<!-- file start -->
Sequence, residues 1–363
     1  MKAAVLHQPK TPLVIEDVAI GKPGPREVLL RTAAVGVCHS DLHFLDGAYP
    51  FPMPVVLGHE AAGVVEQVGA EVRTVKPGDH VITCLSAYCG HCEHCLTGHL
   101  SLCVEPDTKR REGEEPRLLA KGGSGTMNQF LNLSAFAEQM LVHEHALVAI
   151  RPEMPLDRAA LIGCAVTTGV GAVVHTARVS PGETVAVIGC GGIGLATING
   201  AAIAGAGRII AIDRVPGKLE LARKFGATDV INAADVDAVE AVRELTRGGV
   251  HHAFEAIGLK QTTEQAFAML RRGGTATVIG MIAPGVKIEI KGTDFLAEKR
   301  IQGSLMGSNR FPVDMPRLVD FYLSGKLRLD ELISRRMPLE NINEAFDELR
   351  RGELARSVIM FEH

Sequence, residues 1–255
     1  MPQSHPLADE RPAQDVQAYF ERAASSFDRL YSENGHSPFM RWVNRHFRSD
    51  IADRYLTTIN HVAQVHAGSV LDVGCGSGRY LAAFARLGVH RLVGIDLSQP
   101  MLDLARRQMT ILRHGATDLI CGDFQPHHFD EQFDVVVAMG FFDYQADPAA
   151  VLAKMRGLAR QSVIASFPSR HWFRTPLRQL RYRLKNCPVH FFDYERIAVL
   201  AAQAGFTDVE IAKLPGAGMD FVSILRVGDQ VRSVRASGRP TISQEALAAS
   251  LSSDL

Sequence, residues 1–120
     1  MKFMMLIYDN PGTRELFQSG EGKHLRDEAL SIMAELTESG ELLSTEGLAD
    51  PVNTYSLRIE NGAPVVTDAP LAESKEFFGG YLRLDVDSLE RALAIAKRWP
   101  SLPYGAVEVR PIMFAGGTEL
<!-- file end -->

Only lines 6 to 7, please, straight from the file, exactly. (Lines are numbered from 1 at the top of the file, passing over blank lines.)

   201  AAIAGAGRII AIDRVPGKLE LARKFGATDV INAADVDAVE AVRELTRGGV
   251  HHAFEAIGLK QTTEQAFAML RRGGTATVIG MIAPGVKIEI KGTDFLAEKR